labor Where Do We Go Now?
SHORTLY after the general election in 2010, I wrote in these columns that David Cameron would win the 2015 general election (Morning Star June 18 2010).
The reason for this was largely historical. In this country Tory governments typically get at least two terms.
Indeed since the end of the second world war only one Tory government — that elected in 1970 — has failed to do so.
But history was not the only factor that led me to this pessimistic view. The concern I expressed then was that the 2015 election would be fought on territory chosen by the Tories and the right-wing press.
This was an agenda that would be misinformed by selective memories of the deficit in 2010 and claims about Labour’s alleged economic mismanagement.
What I did not anticipate of course was the eruption in Scotland, which provides an opportunity for a different explanation of the defeat.
Nobody could have anticipated Labour’s grave mistake in swallowing the Cameron agenda during the independence referendum.
It may have won the referendum vote, but Scottish Labour died on September 18 2014.
Nor could anyone have foreseen the impact of the Scottish Question on the English electorate.
Terror stalked the land about the danger of Scottish influence in a British government, stoked by voices since curiously mute about the fact that a Tory Party now governs Scotland with only one MP at Westminster. The Scots, it seems, just have to put up with it.
Trade unions will now pay a heavy price for Labour’s defeat. Tory plans are set out clearly enough in their election manifesto, including the much-trumpeted proposals for yet more restrictions on strike ballots, most notably a requirement that strikes in certain sectors will need the support of 40 per cent of those eligible to vote, as well as a majority of those voting.
As has been said many times before, this is a requirement that offends democratic principle, and it has been rightly condemned.
At the 2015 general election the Tories won about 37 per cent of the vote nationally, representing only about 25 per cent of those eligible to vote.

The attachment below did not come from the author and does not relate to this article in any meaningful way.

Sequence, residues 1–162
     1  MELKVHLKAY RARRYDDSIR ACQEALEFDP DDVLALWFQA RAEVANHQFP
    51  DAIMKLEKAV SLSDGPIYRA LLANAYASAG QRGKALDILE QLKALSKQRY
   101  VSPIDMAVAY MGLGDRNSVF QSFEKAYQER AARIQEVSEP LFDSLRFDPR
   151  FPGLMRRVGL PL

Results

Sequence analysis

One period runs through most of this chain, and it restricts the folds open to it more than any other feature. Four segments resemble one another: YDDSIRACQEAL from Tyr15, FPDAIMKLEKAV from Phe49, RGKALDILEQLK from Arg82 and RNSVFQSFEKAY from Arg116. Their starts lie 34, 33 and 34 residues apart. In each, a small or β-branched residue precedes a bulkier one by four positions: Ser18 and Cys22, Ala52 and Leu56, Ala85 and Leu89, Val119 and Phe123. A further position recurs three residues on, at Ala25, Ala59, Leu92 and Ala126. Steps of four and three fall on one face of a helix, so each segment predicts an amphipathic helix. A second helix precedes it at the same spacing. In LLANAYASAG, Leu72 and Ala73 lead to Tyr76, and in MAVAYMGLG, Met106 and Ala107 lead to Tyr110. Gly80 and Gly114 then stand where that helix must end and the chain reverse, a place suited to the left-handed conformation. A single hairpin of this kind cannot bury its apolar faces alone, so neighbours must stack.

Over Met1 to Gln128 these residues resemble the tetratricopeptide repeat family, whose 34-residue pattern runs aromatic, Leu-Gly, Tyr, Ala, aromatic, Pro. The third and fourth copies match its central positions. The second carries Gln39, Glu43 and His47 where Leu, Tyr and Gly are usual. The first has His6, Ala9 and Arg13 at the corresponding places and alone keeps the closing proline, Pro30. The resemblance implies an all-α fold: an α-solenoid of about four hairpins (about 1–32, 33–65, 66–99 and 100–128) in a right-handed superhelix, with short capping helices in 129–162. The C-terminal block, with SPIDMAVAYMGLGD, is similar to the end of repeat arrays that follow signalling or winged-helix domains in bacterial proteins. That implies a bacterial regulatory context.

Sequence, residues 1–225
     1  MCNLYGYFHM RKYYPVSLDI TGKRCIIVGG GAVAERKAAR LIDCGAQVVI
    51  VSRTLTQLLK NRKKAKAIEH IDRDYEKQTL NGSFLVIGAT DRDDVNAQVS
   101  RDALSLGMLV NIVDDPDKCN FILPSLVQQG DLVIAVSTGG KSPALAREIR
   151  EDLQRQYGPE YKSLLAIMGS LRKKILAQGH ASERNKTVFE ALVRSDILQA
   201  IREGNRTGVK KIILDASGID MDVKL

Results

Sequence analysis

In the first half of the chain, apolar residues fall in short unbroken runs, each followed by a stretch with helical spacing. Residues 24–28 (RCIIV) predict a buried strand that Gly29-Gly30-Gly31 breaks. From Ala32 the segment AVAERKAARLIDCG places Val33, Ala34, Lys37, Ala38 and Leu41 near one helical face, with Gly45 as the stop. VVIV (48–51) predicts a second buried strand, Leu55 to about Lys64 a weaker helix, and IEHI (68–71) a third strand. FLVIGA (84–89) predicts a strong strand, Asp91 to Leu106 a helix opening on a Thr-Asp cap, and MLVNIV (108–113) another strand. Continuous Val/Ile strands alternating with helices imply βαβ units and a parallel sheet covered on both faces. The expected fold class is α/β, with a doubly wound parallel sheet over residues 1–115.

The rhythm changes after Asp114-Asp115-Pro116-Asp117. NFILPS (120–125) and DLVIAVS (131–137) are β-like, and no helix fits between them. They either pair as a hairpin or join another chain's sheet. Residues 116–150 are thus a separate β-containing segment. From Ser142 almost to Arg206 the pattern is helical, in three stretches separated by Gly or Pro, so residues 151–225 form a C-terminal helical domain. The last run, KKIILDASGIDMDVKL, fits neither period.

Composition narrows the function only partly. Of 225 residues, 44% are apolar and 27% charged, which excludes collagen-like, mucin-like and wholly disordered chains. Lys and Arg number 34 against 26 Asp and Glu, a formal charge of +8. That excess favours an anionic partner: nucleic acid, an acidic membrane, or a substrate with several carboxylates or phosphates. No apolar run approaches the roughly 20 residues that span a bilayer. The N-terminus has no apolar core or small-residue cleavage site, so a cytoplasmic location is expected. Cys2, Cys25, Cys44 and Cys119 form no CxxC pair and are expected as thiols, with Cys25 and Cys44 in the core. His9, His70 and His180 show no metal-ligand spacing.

The legitimacy of the Tory mandate will of course make no difference — but the hypocrisy is clear and complete.
Nor will a lack of legitimacy stop the proposed attack on trade union facility time or the use of the check-off to collect trade union dues.
The attack spearheaded by the coalition against PCS seems about to go viral. Nor will the lack of legitimacy stop the proposed attack on the trade union political levy and the right of unions to an effective political voice.
Yet it will get worse — much worse — before it ever gets better, if only because of the European Question.
Whatever happens in the forthcoming EU referendum, the referendum will split the movement.
Just as importantly, whether we are in or out, it will lead to further erosion of employment rights — paid holidays, Tupe and redundancy consultation.
For trade unions, this is a crisis like no other, and it is one that catches us ill-prepared.
Membership is in decline, leading to a loss of authority and income; collective bargaining coverage is at historically low levels, so that we are touching the lives of fewer and fewer workers; and we are about to have zero political influence, as civil war breaks out in the Labour Party.
Yet my fear now is that the present government is embedded for another 10 years and that we will have at least a three or four-term Tory hegemony, as in 1951-64 and 1979-97.
Labour will not be ready for government in 2020 and in any event there are about to be boundary changes and fewer MPs, handing another 20 parliamentary seats to the Tories in the process.
But even if Labour is ready for government, Scotland will almost certainly not be ready for Labour.
The corpse of Scottish Labour will still be decomposing in 2020. Indeed, Scotland may be a sovereign state by then. At least for now, the SNP — and some of its impressive candidates who speak about workers’ rights — are the authentic voice of the working class, whether sceptics like it or not.
In this bleak political landscape, the challenge for trade unionism is huge, now facing a challenge of leadership, a challenge of purpose and a challenge for survival.
How are trade unions to deal with the ideological onslaught about to overwhelm their members and their organisations? And how are we to deal with the fresh legal onslaught that is about to hit us?
The movement is about to be tested like never before. It would be a serious mistake to baton down the hatches until the next general election and hope for a Labour government.
We need a new, clear vision to lead the movement not for the next five years but for the next generation — a vision that questions organisational activity, as well as industrial and political strategies.
We will need it soon.
[Keith Ewing is professor of public law at King’s College London and president of the Institute of Employment Rights.]